Last year, the data agency LocalFocus became part of the ANP. Now, six months after the takeover, co-founder of LocalFocus Jelle Kamsma is carefully going abroad. "We have never been very proactive in promoting our product outside of the Netherlands. We're not called LocalFocus for nothing." And yet that may soon change.
Jelle has just returned from Canada, where he spent a week at the editorial department of The Canadian Press to ensure the implementation of the LocalFocus election tool went smoothly. He tells about all the developments round the international ambitions.
Can we soon start calling your division "GlobalFocus"?
"That is indeed a working title that we are now using among ourselves somewhat jokingly,"says Jelle, laughing. "But don't pin me down to it’! It may not have been a current item on the agenda to go abroad with LocalFocus, but it has not been the first time that the local data agency 'exchanged' the Netherlands. LocalFocus already joined forces with Belgian media on several occasions. The LocalFocus election tool was used for the elections of our southern neighbours. "But that felt a bit like a home game because we speak the same language", adds Jelle.
"Our network has expanded enormously at one go. The step to take LocalFocus abroad this way came sooner than we expected"
"Our network has expanded enormously at one go. The step to take LocalFocus abroad this way came sooner than we expected"— Jelle Kamsma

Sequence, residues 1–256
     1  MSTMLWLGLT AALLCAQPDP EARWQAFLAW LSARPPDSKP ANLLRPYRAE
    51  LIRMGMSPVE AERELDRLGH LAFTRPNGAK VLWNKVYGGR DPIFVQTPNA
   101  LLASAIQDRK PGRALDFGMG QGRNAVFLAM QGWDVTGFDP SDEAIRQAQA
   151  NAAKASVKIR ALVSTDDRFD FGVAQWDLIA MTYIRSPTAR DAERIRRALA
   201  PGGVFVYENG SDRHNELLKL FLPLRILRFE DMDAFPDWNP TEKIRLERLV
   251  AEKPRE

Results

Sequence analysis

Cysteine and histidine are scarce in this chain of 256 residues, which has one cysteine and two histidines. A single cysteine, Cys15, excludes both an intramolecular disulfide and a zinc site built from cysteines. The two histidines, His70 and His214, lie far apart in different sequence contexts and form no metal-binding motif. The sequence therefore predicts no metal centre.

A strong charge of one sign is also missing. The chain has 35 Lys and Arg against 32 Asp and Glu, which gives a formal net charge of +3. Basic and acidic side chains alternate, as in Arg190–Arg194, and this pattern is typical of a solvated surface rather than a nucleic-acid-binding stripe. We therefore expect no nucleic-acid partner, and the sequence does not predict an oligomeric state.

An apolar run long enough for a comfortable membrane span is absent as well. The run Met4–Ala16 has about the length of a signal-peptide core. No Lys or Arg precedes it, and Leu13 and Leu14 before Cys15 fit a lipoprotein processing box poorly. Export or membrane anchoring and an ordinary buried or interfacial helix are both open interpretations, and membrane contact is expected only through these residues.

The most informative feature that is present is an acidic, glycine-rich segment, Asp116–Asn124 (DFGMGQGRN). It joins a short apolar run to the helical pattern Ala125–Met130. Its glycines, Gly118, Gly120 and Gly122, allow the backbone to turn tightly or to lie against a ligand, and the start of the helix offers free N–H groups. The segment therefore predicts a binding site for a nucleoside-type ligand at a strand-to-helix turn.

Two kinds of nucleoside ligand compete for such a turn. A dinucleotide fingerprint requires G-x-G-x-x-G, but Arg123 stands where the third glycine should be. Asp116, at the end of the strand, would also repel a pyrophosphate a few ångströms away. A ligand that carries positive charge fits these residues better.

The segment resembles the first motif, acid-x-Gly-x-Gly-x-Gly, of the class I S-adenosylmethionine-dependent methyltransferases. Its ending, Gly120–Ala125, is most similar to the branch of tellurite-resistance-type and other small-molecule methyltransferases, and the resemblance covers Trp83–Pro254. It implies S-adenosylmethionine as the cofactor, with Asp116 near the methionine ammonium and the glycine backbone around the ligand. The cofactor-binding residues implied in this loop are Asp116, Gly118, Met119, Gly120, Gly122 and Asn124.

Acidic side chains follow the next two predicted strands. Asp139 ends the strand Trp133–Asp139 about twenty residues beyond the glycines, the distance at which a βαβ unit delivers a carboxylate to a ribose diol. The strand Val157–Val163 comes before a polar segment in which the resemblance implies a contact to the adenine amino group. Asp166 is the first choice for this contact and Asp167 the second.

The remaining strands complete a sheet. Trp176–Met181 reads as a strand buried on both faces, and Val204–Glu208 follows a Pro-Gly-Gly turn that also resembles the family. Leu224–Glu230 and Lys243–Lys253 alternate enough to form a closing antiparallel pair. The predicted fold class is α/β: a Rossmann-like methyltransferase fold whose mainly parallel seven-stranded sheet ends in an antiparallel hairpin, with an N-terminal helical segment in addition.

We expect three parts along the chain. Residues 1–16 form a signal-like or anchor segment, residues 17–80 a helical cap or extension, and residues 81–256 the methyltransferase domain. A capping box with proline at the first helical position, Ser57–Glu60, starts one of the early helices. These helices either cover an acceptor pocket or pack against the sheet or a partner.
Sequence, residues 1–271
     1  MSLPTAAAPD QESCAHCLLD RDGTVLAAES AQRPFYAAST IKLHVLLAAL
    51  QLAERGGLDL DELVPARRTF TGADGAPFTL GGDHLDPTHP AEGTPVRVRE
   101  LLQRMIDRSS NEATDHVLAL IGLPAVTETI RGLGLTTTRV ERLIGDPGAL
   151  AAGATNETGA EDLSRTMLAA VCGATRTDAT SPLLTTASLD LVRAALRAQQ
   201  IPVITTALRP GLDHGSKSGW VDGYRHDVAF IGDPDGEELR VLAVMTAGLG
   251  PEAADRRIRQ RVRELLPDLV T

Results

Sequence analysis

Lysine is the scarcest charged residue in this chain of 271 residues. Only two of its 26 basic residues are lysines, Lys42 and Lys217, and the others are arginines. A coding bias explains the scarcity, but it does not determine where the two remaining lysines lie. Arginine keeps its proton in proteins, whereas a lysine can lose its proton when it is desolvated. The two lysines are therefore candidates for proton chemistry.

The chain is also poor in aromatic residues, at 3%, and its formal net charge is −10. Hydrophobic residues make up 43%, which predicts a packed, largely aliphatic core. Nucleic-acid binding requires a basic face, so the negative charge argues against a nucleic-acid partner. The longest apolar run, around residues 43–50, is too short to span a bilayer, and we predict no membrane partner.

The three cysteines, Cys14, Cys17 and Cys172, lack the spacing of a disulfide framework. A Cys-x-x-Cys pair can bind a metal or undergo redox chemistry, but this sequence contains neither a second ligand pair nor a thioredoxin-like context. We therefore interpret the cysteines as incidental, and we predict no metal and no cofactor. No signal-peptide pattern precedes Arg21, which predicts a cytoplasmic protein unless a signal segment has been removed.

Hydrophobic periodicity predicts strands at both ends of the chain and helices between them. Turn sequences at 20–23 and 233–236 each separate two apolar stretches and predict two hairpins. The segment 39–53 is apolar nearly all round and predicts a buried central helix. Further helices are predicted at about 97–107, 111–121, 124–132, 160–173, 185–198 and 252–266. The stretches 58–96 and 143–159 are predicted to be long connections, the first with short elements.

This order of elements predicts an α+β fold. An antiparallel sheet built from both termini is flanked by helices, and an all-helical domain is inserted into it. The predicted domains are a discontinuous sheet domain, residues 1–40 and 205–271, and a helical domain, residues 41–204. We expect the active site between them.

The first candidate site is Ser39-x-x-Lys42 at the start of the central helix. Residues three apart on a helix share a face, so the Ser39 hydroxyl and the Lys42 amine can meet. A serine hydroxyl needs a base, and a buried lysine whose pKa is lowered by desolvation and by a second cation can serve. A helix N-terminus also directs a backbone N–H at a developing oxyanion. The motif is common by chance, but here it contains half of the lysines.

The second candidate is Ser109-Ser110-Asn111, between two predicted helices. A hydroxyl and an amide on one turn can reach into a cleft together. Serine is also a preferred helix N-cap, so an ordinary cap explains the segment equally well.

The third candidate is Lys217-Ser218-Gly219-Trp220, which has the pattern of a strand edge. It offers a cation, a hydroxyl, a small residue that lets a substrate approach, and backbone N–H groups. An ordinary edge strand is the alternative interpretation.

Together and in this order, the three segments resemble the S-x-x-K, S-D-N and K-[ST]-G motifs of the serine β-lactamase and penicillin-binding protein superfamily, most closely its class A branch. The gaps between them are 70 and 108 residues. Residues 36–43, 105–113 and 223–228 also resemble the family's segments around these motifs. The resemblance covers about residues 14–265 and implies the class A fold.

Our network has expanded enormously at one go. The step to take LocalFocus abroad this way came sooner than we expected. Under the wings of the ANP, international media suddenly came within reach and the discussion of taking LocalFocus abroad followed automatically. "Before we were taken over, we did have discussions with foreign media, but that never really made anything concrete. Now that I look back on it, internationalization is really something I don't think we could have done on our own. The great thing about working together with ANP is that our network has expanded enormously in one fell swoop, resulting in valuable connections. This joint venture also took effect abroad. We were unexpectedly negotiating with the people who make the decisions at other news agencies. The decision to take LocalFocus abroad came sooner than expected", says Jelle.
Collaboration with The Canadian Press
Even before the ANP took over the company, Martijn Bennis (CEO of the ANP) invited the managers of LocalFocus for an interview with The Canadian Press. Just to get acquainted and to show them what we do. The line of reasoning was: could LocalFocus also work in Canada?
Eventually we were asked if we could offer some support during the local elections in Ontario. Quite a challenge, but we thought: if it works in Belgium, a country with a complex political system, then it may work in the rest of the world as well. So Jelle left for one week to Canada, with a tailor-made plan for The Canadian Press, supporting the editors in visualizing the election results.